Relief was as overwhelming as his panic had been. He stood there for a full minute, feeling nothing but joy and thankfulness that the dust could not come in after him. Then the sting of sweat flowing down his forehead and into his eyes swiftly brought him back to reality.

Safe, indeed!

For what?

He had hoped against reason that he could tunnel through the dust to the surface.
Perhaps he would soon have roasted to death in the sunlight, but he would at least have stood on the moon. The real moon—not this coffin where he was already dead and buried.

But wasn't he on the moon? Wasn't this what he had wanted, all his life? Wasn't this what he had come for?

What had he come for?

It was a question he had never really asked himself in the proper light, with the proper urgency. Others had asked it: "That crazy Jessup! I wouldn't be in his boots for a million bucks What does he want to go
 to the moon for? What good's the moon?" The men who had said those things had been right, of course. He was crazy. And the question would never be answered—from their viewpoint. For them the moon was just an ornament—a beautiful ornament in the summer sky.

It was strange that he'd never been in a position where he had to think out his reasons for coming on the moon-ship. He'd been too busy fighting for the chance to wonder just why he wanted it.

Markley was like him, of course. He wondered if the colonel would trade places with him right now maybe he would at that!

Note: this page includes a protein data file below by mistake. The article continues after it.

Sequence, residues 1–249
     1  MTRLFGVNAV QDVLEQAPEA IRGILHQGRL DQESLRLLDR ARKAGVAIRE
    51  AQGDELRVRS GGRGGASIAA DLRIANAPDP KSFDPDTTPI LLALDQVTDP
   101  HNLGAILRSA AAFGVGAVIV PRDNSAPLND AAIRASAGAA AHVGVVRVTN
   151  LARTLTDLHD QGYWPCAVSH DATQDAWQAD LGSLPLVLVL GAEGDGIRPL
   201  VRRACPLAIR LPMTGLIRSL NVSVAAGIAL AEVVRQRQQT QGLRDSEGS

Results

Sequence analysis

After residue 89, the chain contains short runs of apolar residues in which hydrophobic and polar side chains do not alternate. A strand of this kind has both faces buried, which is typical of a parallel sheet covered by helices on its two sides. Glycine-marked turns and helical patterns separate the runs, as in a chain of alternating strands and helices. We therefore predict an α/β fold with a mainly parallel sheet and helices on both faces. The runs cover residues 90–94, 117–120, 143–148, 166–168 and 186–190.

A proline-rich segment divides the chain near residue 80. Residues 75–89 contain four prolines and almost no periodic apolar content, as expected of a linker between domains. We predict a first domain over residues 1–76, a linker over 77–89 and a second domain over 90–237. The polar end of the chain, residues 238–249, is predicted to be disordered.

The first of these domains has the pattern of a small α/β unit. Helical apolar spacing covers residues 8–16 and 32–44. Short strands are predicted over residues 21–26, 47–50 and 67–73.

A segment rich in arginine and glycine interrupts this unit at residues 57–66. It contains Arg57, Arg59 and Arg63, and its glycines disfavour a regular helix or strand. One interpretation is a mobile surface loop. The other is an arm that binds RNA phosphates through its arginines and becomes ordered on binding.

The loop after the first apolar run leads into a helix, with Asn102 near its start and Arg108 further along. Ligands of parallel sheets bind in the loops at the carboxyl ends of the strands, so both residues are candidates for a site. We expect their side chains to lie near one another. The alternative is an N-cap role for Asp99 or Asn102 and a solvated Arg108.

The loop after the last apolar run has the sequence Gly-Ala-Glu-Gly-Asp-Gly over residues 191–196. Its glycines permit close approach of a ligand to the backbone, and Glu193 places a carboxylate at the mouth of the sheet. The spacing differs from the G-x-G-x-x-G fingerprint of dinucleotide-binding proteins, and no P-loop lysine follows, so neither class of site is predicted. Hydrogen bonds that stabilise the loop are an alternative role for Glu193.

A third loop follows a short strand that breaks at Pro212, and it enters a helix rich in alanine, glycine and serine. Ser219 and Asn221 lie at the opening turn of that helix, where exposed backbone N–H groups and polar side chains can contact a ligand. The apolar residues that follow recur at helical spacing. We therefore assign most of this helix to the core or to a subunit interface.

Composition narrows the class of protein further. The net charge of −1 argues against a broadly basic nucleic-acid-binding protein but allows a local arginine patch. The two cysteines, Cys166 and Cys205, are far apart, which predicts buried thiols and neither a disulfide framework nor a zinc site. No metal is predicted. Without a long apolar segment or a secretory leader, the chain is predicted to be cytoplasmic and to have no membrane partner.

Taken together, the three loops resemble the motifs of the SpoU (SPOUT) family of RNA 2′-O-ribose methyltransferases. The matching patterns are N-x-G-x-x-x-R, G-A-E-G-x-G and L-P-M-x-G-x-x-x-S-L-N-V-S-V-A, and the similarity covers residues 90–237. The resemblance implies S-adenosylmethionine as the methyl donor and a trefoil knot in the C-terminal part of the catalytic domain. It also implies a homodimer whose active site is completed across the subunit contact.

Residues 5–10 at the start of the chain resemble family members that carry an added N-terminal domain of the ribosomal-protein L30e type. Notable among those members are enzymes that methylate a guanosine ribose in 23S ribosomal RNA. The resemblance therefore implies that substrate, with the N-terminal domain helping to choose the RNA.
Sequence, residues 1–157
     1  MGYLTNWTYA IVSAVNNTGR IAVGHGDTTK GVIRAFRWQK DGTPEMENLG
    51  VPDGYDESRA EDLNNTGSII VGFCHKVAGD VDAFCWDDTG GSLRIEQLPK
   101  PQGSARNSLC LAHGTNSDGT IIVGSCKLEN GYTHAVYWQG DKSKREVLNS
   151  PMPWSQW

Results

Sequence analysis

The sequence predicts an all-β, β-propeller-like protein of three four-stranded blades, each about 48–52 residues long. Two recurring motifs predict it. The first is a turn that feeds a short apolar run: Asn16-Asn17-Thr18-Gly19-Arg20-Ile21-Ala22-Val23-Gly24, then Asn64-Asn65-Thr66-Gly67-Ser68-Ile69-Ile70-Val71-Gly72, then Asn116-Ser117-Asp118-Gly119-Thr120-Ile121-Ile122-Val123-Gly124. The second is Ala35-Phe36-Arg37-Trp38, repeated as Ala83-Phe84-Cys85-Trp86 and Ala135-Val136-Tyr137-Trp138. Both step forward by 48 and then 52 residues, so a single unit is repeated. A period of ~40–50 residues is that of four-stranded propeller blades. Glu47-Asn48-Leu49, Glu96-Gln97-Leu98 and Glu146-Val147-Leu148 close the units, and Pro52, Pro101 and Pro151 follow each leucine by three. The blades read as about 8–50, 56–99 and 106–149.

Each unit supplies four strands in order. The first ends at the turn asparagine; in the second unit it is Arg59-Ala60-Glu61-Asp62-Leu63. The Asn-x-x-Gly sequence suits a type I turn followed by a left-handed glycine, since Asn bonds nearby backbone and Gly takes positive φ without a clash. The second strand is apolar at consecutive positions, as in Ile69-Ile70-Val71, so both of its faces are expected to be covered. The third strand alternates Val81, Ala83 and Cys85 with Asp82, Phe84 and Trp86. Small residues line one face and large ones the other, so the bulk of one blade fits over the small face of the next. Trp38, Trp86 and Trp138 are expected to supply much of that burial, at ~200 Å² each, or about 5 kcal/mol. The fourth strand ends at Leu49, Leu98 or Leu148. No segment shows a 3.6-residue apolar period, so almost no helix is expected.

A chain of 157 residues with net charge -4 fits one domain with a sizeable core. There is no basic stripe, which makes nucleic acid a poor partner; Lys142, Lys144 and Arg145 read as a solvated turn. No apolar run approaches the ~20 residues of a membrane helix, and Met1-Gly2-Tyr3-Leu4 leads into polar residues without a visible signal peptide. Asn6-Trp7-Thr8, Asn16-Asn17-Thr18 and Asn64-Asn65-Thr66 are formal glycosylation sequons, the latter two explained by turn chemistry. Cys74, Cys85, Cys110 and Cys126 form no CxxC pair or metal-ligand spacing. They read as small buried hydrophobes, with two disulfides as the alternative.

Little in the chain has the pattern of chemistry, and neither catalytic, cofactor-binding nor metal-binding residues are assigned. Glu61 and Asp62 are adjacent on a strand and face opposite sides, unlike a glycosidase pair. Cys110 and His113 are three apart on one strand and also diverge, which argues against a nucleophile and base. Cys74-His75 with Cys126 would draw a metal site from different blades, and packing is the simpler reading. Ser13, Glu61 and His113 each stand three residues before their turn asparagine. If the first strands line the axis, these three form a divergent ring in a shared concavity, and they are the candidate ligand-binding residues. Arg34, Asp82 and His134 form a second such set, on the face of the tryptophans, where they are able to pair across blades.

Ever since he'd been a kid, Bob Jessup had wanted the moon. Not for himself, so much—but for the others. It had been a deep hurt when he met others who didn't want it at all—who didn't even seem to know it was there. To him it was a symbol of the Greater Reality—a stepping stone to the stars.

His body sagged under the weight of an overwhelming longing—not to be back on earth, but to go forward, to show the way.

And suddenly he saw the blinding simplicity of the answer....

It's only a paper moon ... hanging over a cardboard sea....

"The moon's still in the news," said White softly, as the strains of the old song floated over the Station's bridge.

"They're dancing to it," said Markley with an irrational bitterness. "While he's still alive out there "
"Do you suppose we'll still be able to receive him? You said his batteries were just about gone."

"We'll soon know."

The radio man stuck his head into the room.

"I've focused on Nubium, sir—just out of the horizon." 

Markley started droning into the microphone:

"Jessup! Jessup! Come in! Come in!... Yes!... Yes!..."